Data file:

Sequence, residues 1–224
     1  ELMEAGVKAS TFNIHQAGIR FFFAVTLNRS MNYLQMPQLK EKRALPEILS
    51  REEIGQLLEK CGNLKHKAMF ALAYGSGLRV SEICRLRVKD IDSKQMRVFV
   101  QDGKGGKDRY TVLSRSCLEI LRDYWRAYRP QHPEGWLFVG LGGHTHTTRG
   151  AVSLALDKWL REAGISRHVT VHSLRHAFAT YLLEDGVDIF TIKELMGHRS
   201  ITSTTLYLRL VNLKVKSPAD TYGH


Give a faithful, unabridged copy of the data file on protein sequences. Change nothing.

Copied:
Sequence, residues 1–224
     1  ELMEAGVKAS TFNIHQAGIR FFFAVTLNRS MNYLQMPQLK EKRALPEILS
    51  REEIGQLLEK CGNLKHKAMF ALAYGSGLRV SEICRLRVKD IDSKQMRVFV
   101  QDGKGGKDRY TVLSRSCLEI LRDYWRAYRP QHPEGWLFVG LGGHTHTTRG
   151  AVSLALDKWL REAGISRHVT VHSLRHAFAT YLLEDGVDIF TIKELMGHRS
   201  ITSTTLYLRL VNLKVKSPAD TYGH